For 23-year-old Susan Muthoni, the placenta recently restored sight in her right eye, which she lost after a chemistry experiment gone wrong in secondary school five years ago.
In January, she got stem cell eye surgery at the Laser Eye Clinic in Nairobi.
Through a transparent, perforated plastic shield that is strapped on her right eye, a white membrane that stretches on the eye is visible.
An amniotic membrane, from the placenta, that would help her eye heal faster without leaving scars was used. The amniotic membrane ensures regeneration of stem cells in the affected eye once the stem cells are transplanted.
“Corneal stem cells offer nutrients to the cornea, the window of the eye through which rays of light pass. Stem cells form the junction of the white and black part of the cornea.
“Damage causes the cornea to become cloudy. To reverse the damage, stem cells can be transplanted,” said Dr Mukesh Joshi, the ophthalmologist who performed the surgery.
The chemical burn damaged Ms Muthoni’s cornea cells, and turned off the light.
“Amniotic membrane is used in eye surgery for surface reconstructive surgery. The membrane prevents the formation of scar tissue. The scars affect proper movement of the eyelids and movement of tears across the eye,” said Dr Joshi.
If the patient’s other eye is healthy, stem cells can be removed from it and transplanted into the affected eye.
There are thousands of stem cells that feed into the cornea, but about two per cent are needed for the transplant. In case both eyes are damaged, the stem cells are acquired from the eye of relative or family member based on tissue type match.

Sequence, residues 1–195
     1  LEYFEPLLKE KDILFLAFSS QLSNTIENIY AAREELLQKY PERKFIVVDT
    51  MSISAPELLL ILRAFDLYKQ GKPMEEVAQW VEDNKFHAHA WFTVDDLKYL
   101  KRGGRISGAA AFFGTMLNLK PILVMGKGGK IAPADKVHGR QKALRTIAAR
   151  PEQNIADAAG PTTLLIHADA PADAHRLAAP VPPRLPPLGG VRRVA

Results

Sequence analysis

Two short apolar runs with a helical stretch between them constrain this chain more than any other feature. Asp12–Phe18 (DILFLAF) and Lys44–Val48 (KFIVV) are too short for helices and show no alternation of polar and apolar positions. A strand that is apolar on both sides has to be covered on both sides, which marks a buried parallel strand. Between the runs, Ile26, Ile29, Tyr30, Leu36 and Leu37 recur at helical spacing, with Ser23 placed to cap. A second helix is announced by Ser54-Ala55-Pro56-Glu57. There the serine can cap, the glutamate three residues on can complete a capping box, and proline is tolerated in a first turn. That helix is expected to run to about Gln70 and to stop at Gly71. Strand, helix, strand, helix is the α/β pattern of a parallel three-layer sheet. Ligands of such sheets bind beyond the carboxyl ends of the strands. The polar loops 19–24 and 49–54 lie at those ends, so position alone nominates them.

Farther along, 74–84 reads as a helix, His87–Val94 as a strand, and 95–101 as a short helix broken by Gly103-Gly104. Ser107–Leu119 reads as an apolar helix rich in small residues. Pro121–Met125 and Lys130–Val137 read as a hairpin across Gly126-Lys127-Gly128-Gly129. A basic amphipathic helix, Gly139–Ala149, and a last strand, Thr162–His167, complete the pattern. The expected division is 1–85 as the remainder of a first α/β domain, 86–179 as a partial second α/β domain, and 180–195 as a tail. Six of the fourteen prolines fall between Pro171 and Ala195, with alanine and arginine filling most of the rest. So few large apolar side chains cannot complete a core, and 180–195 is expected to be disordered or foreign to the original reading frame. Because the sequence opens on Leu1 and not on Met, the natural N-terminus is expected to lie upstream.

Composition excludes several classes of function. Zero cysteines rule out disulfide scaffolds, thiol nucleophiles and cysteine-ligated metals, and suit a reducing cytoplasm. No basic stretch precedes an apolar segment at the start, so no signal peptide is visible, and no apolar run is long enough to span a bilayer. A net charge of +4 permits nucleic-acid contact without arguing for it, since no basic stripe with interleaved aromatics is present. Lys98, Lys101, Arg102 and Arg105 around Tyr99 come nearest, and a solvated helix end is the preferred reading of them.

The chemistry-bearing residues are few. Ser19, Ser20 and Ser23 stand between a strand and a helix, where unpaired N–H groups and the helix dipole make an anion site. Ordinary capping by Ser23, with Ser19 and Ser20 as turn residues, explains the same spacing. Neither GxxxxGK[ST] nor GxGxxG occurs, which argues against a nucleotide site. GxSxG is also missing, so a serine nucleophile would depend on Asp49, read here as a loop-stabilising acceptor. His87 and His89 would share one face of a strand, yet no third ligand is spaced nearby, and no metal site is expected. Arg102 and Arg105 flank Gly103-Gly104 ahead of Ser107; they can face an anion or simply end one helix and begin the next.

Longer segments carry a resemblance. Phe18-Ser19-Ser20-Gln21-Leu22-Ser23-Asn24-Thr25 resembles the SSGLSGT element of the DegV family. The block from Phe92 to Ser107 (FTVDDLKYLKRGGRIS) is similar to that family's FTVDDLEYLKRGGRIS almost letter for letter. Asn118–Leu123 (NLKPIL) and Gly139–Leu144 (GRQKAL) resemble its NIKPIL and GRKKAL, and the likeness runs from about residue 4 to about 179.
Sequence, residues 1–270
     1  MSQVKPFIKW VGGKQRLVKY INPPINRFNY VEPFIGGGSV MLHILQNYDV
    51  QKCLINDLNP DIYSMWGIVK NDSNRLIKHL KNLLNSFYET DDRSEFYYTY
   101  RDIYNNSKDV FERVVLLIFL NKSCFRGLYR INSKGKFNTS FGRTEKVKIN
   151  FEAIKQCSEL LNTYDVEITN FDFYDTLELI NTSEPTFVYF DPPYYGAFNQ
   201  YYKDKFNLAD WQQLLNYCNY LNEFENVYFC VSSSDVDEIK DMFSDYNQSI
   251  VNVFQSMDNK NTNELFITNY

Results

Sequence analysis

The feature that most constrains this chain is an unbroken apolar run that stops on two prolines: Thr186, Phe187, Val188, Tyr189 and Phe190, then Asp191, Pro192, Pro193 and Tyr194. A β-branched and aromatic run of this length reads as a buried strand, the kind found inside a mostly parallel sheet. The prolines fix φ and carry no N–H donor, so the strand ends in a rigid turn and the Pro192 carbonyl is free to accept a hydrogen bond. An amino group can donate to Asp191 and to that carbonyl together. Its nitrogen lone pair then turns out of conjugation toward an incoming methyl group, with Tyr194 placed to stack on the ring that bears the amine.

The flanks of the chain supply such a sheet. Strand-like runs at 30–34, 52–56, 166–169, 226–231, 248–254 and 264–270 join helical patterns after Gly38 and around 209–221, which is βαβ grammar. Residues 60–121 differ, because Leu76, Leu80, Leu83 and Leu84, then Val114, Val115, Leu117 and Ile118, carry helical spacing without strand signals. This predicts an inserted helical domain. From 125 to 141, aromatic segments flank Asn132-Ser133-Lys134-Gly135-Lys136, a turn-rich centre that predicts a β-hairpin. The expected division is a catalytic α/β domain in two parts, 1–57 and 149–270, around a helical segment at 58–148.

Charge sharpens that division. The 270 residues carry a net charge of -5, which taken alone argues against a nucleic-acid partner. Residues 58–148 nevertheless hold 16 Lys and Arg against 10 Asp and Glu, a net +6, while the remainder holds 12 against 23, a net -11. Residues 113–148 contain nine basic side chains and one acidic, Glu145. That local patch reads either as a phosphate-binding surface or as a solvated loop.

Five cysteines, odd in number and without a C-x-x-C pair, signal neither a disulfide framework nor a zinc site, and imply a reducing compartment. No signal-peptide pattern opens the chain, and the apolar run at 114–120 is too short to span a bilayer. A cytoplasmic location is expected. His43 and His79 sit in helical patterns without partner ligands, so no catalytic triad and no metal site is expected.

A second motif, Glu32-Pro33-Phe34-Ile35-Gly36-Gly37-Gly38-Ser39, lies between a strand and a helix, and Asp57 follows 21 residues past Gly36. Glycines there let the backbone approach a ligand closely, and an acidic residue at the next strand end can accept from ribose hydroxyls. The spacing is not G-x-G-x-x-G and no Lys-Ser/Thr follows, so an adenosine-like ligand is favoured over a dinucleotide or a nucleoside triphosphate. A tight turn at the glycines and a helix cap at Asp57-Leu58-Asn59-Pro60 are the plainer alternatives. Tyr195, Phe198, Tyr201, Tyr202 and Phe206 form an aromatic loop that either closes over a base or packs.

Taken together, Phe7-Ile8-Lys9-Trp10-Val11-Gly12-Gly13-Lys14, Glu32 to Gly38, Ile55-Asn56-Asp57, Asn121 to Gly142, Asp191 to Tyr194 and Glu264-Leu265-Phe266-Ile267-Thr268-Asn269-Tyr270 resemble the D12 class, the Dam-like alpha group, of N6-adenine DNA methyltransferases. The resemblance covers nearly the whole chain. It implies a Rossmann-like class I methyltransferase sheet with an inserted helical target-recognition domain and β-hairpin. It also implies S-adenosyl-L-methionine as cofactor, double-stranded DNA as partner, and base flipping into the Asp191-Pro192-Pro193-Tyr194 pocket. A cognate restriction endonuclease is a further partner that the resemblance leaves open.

The cells are then multiplied on the amniotic membrane, then glued on to the eye with a special glue that does not affect the eyelids.
The area is then covered by a contact lens, and a shield is placed to protect the eye. The stem cells should start growing back in six weeks.
The membrane dissolves and the patient’s cornea starts clearing.
The amniotic membrane used on Muthoni was imported from the United States, where placentas are collected from consenting mothers, then preserved at appropriate temperatures.
In some countries, transport of live amniotic membrane is not permitted, so it is dried for future use, and later activated to create a conducive environment for transplanted eye stem cells to grow.
“From 600 cells, you will have 20,000 cells in six months, to give the cornea nutrition, which it was deprived off when it was cloudy,” said Dr Joshi.
Stem cell surgery is performed on patients with severe infections that affect the cornea, those whose corneal stem cells have suffered burns, or people suffering from an infection affecting the mucus membrane.
Transplants can also be done from donated eyes, and though there is an eye bank in Kenya, there are not enough donations.
“We need a specialised laboratory to grow stem cells.
“Unlike the eye bank where you need to collect the eye from someone who is dead, stem cells can be collected from live donors and grown, then used to treat partial or total damage of eye stem cells.
The stem cell surgery costs about Sh200,000.